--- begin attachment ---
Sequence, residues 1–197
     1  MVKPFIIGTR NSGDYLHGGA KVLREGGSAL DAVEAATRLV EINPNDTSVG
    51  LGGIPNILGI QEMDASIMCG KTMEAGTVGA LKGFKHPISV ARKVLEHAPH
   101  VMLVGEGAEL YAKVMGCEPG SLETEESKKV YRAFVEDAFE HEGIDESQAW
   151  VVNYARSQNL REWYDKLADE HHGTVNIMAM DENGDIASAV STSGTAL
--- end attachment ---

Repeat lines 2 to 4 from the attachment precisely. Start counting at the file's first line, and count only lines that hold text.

     1  MVKPFIIGTR NSGDYLHGGA KVLREGGSAL DAVEAATRLV EINPNDTSVG
    51  LGGIPNILGI QEMDASIMCG KTMEAGTVGA LKGFKHPISV ARKVLEHAPH
   101  VMLVGEGAEL YAKVMGCEPG SLETEESKKV YRAFVEDAFE HEGIDESQAW